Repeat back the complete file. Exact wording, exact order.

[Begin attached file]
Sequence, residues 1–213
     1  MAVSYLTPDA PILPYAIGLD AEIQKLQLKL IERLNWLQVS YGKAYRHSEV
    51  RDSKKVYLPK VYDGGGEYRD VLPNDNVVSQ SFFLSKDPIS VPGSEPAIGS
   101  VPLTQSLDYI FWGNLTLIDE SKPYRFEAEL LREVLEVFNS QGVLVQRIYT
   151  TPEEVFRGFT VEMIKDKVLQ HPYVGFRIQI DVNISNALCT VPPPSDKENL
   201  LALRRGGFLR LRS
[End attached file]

Sequence, residues 1–213
     1  MAVSYLTPDA PILPYAIGLD AEIQKLQLKL IERLNWLQVS YGKAYRHSEV
    51  RDSKKVYLPK VYDGGGEYRD VLPNDNVVSQ SFFLSKDPIS VPGSEPAIGS
   101  VPLTQSLDYI FWGNLTLIDE SKPYRFEAEL LREVLEVFNS QGVLVQRIYT
   151  TPEEVFRGFT VEMIKDKVLQ HPYVGFRIQI DVNISNALCT VPPPSDKENL
   201  LALRRGGFLR LRS